Allen Understands the Game

There might not be a more dynamic tailback in the country than Armando Allen of Hialeah-Miami Lakes high school (Hialeah, Fla.) Most prospects his age would do anything for the recruiting attention Allen's receiving from schools around the country. Like the football player, Allen isn't your typical high school junior.

At this time next year, Armando Allen (5-10, 195 pounds) will be able to pick any school in the country to attend – he's that good. Hialeah-Miami Lakes head coach Jerry Hughes believes he is a complete football player.

"Speed," coach Hughes said when asked what Allen brings to the field as a player. "We're watching the NFL combines and we see guys running 4.3, 4.4 and 4.5 forties, and this kid runs a 4.3-forty right now. Speed, humility, work ethic; he's got the whole package.

"He's going to be our tailback. We basically use a one-back (formation) we might go to a two-back because we don't have the skill position guys that we've had. We're running the spread offense and we'll possibly go back in the "I".

"We had two pretty good talkbacks last year. They were both pretty effective. We don't have that next year. All we have is Armando Allen and he's got to play smart where he doesn't get hurt. You're looking at a kid that is going to carry the ball 20 to 25 times a game. So he's got to play smart football to stay healthy.

"If we don't have anyone blocking for him, we'll let him do his thing on the outside," coach Hughes explained. "If we have decent blocking kids, we'll do everything with him; isolations, sweeps, counters. We'll throw the ball out of the backfield. He's very good at catching the ball.

"He played ‘H-back' for us as a freshman and as a sophomore, which is the slot guy. We did run a lot of misdirection plays for him, but basically we threw to him and he caught the ball real well. "

Notre Dame has sent Allen a scholarship offer, and they have spoken with coach Hughes about his star player, but Hughes is not a proponent of the current environment surrounding college football recruiting.

"We're putting kids in predicaments of giving them offers as juniors," coach Hughes explained. "I had it with our quarterback (Thaddeus Lewis) last year. Four schools offered him from the Big 12 and SEC. Four offers from bona fide schools and then come fall, they aren't even around. They didn't contact him. They didn't make an offer to sign, none of that. One of the schools he was definitely interested in and he was disappointed that they hadn't been in touch with him. Those (scholarship) letters mean nothing.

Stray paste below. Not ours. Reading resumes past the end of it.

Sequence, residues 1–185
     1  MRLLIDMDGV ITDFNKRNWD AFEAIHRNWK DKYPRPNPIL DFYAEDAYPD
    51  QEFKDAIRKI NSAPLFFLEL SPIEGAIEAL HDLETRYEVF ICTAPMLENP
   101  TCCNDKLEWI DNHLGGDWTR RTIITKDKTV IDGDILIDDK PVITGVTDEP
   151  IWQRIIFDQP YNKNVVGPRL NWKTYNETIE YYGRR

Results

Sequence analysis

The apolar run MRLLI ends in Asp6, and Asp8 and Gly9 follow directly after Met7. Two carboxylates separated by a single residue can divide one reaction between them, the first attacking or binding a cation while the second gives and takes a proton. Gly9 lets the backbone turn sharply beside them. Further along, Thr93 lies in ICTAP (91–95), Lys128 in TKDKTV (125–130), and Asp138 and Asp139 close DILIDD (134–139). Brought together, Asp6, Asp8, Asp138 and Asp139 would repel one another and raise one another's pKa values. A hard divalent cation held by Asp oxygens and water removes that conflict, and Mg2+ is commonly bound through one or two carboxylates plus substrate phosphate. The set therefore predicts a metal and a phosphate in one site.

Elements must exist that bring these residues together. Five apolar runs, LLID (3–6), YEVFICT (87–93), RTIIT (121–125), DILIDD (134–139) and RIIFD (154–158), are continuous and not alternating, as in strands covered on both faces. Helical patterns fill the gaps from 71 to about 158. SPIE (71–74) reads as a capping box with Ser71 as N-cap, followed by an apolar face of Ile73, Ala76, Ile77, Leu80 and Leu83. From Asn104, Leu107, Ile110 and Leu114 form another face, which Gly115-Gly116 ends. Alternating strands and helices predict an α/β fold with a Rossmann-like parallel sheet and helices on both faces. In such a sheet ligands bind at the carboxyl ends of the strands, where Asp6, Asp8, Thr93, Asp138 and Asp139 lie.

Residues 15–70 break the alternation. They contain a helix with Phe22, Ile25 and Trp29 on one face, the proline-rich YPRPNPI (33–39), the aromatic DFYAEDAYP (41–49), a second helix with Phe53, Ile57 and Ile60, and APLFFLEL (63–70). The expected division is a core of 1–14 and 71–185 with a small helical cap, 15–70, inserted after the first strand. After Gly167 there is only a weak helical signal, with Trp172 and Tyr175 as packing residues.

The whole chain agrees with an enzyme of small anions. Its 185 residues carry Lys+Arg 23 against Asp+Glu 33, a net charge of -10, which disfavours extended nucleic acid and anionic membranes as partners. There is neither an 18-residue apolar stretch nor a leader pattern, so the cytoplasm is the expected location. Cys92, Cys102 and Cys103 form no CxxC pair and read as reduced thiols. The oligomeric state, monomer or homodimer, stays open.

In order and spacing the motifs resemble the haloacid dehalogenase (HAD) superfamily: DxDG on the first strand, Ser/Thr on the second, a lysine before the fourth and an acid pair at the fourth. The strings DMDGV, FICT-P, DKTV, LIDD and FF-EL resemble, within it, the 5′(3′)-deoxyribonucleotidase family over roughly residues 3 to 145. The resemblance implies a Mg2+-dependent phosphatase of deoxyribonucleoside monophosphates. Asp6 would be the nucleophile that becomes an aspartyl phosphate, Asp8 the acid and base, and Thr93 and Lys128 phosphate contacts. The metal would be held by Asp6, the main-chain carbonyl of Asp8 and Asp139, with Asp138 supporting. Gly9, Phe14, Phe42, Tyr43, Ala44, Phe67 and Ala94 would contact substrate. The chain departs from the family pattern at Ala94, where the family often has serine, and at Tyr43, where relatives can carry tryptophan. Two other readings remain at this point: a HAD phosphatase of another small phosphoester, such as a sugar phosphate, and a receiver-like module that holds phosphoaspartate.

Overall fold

"I'm not letting four of those through this school this year. I have the letters pinned up here," Hughes added.

Although the recruiting process won't change immediately, Hughes believes changes need to be made to protect the kids.

"First of all the NCAA needs to change things," coach Hughes said. "Why can't we offer kids like basketball players -- have an early signing period. If they're going to offer this junior, then they need to send a certified scholarship with the A.D.s (athletic director) initials or signature on it and the head coach's signature on it.

"If you're not going to do that, the NCAA needs to do something about offering juniors. Go back to the old rule, or sign them early, or give them a bona fide scholarship that they don't sign until February. These letters aren't legit, they mean nothing.

"I tell them (coaches) please don't offer him, because it means nothing. They try to tell me ‘yes it does', but it doesn't. I'm interested in seeing if a team is truly interested in a young man when they offer him as a junior.

"Someone has to be held accountable. If you're going to make an offer to a kid, then send me the scholarship. Armando knows how it works because he was tight with the quarterback. We've got letters from Florida, Florida State, Notre Dame, Southern Cal and they don't mean anything." Top Stories